Indiana faces backlash as it becomes 20th state to protect religious liberty
INDIANAPOLIS, IN, March 27, 2015 (LifeSiteNews.com) – On Thursday, Indiana became the 20th state to prevent the government from forcing people of faith to violate their religious beliefs in business or the public square.
Gov. Mike Pence signed the Religious Freedom Restoration Act (SB 101) into law, saying the freedom of religion is a preeminent American value.
“The Constitution of the United States and the Indiana Constitution both provide strong recognition of the freedom of religion, but today, many people of faith feel their religious liberty is under attack by government action,” Pence said.
Gov. Pence, a possible dark horse candidate for president in 2016, cited court cases brought by religious organizations and employers, including Catholic universities, against the HHS mandate. “One need look no further than the recent litigation concerning the Affordable Care Act. A private business and our own University of Notre Dame had to file lawsuits challenging provisions that required them to offer insurance coverage in violation of their religious views.”
The new law could also prevent Christian business owners from being compelled to bake a cake or take photographs of a same-sex "marriage" ceremony, if doing so violates their faith. In recent years, business owners have seen an increased level of prosecution for denying such services, despite their religious and moral beliefs.
The state's pro-life organization applauded Pence for his stance. "Indiana's pro-life community is grateful to Gov. Mike Pence for signing the Religious Freedom Restoration Act into law,” said Indiana Right to Life's president and CEO Mike Fichter. “This bill will give pro-lifers a necessary legal recourse if they are pressured to support abortion against their deeply-held religious beliefs.”
“RFRA is an important bill to protect the religious freedom of Hoosiers who believe the right to life comes from God, not government,” he said.
The state RFRA is based on the federal bill introduced by Sen. Chuck Schumer, D-NY, and signed into law by President Bill Clinton in 1993. The Supreme Court cited the federal law when it ruled that Hobby Lobby had the right to refuse to fund abortion-inducing drugs, if doing so violated its owners' sincerely held religious beliefs.
In signing the measure – similar to the one Arizona Gov. Jan Brewer vetoed – Pence and the state of Indiana have faced a torrent of venom from opponents of the bill, who claim it grants a “right to discriminate” and raises the spectre of segregation.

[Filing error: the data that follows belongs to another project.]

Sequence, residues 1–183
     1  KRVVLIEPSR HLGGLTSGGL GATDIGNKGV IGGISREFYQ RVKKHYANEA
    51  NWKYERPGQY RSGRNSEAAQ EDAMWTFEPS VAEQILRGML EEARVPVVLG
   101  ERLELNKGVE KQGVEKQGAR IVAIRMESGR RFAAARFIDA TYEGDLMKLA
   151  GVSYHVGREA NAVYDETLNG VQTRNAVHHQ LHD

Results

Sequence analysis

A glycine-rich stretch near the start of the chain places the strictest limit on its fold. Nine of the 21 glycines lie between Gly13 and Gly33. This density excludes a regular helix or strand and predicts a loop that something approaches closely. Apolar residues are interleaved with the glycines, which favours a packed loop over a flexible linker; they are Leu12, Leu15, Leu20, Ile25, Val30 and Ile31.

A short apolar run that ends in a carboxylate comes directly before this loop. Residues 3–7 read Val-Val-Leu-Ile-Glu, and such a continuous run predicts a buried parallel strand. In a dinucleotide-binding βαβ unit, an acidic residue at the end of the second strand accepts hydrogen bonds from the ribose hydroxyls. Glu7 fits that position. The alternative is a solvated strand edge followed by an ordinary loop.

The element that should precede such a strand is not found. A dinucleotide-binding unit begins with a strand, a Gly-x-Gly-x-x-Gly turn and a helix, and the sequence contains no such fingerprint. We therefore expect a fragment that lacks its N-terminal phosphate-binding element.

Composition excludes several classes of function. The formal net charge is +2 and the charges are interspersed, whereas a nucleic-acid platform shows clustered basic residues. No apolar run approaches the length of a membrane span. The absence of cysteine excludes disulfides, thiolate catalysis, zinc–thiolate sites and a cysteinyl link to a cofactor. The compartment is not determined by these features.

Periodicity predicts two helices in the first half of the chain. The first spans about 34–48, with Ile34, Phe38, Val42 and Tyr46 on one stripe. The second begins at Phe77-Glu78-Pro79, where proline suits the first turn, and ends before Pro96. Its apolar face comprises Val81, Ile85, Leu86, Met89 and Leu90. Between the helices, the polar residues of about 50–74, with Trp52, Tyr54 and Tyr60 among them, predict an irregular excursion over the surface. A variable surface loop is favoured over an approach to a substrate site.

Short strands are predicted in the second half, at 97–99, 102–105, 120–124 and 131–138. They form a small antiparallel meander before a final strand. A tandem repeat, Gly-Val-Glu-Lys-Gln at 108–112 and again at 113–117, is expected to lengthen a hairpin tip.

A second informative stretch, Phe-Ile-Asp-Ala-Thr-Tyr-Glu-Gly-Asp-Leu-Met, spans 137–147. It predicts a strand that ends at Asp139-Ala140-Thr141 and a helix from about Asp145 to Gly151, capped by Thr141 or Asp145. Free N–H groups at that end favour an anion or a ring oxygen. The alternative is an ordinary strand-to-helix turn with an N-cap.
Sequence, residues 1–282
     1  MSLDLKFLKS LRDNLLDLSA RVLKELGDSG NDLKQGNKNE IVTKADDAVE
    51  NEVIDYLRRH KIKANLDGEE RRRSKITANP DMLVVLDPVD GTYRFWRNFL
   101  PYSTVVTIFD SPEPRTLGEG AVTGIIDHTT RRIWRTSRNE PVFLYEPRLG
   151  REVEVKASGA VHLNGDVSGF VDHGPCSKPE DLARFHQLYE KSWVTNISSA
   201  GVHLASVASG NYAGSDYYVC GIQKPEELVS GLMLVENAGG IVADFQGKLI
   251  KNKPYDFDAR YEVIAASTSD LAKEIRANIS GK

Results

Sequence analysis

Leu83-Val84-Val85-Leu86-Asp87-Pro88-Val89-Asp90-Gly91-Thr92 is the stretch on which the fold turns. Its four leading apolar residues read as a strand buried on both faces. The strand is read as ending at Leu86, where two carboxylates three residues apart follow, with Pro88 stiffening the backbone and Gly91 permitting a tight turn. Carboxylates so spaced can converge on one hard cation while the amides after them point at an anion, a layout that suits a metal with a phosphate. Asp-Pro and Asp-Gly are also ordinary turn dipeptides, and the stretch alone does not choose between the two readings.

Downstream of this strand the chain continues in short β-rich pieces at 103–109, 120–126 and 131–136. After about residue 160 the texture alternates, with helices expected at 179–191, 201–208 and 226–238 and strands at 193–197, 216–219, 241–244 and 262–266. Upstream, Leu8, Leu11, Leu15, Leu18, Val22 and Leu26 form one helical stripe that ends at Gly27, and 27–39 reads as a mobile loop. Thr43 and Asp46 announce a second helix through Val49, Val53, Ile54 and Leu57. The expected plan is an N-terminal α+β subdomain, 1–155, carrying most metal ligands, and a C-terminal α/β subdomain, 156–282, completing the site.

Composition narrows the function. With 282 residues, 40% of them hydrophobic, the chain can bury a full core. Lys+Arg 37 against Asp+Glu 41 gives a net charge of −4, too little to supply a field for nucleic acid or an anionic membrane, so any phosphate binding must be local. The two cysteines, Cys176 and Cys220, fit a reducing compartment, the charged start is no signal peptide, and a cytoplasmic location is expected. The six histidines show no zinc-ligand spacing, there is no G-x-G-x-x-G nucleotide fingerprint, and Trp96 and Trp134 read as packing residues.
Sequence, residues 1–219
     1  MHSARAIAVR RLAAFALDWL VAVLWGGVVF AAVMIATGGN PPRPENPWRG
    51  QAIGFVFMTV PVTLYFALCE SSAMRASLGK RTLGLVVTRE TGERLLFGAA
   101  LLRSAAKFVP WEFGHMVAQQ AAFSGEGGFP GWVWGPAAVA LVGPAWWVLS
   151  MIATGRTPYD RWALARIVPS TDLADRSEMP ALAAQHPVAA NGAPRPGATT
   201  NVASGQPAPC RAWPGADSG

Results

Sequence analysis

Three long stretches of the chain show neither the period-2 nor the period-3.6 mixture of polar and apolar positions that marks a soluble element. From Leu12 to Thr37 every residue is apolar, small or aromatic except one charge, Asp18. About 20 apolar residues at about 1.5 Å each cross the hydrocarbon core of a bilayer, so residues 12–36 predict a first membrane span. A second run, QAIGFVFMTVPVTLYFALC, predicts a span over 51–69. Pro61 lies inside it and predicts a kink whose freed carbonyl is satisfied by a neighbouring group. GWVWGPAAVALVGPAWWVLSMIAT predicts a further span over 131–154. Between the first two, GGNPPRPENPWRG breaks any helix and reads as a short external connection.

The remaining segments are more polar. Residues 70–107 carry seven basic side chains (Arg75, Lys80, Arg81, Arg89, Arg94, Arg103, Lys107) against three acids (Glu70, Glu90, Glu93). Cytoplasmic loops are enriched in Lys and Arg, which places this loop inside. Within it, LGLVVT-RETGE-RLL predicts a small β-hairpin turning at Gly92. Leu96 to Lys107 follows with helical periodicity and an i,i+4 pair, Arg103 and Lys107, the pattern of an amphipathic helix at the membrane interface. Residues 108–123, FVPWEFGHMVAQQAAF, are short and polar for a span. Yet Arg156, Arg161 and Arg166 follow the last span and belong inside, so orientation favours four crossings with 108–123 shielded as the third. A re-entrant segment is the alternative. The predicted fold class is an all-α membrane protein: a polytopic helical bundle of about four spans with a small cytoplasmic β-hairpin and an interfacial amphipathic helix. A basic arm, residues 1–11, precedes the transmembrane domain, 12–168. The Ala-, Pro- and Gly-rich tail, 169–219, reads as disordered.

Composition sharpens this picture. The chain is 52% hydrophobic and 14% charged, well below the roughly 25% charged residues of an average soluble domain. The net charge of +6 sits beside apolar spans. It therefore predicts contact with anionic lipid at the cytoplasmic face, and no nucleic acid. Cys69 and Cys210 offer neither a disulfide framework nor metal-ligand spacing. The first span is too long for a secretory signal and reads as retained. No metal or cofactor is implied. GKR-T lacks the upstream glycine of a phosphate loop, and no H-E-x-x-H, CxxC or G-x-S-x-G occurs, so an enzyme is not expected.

"They've basically said, as long as your religion tells you to, it's OK to discriminate against people," said Sarah Warbelow, legal director of the Human Rights Campaign, a national homosexual pressure group.
The Disciples of Christ, a liberal Protestant denomination based in the state capital, has said it will move its 2017 annual convention if the RFRA became state law. The NCAA warned the bill's adoption “might affect future events” in the Hoosier state.
Pence denied such concerns, saying, "This bill is not about discrimination, and if I thought it legalized discrimination in any way I would've vetoed it."
The bill's supporters say that, under the Obama administration, it is Christians who are most likely to suffer discrimination.
"Originally RFRA laws were intended to protect small religious groups from undue burdens on practicing their faith in public life,” said Mark Tooley, president of the Institute on Religion and Democracy. “It was not imagined there would come a day when laws might seek to jail or financially destroy nuns, rabbis or Christian camp counselors who prefer to abstain from the next wave of sexual and gender experimentation. And there's always a next wave.”
The bill's supporters note that it does not end the government's right to coerce people of faith into violating their conscience in every situation. However, it requires that doing so has to serve a compelling government interest and the government must use the least restrictive means possible. “There will be times when a state or federal government can show it has a compelling reason for burdening religious expression – to ensure public safety, for instance,” said Sarah Torre, an expert at the Heritage Foundation. “But Religious Freedom Restoration Acts set a high bar for the government to meet in order to restrict religious freedom.”
Restricting the ability of government to interfere in people's private decisions, especially their religious decisions, is the very purpose of the Constitution, its supporters say.
"Religious freedom is the cornerstone of all liberty for all people,” Tooley said. “Deny or reduce it, and there are no ultimate limits on the state's power to coerce."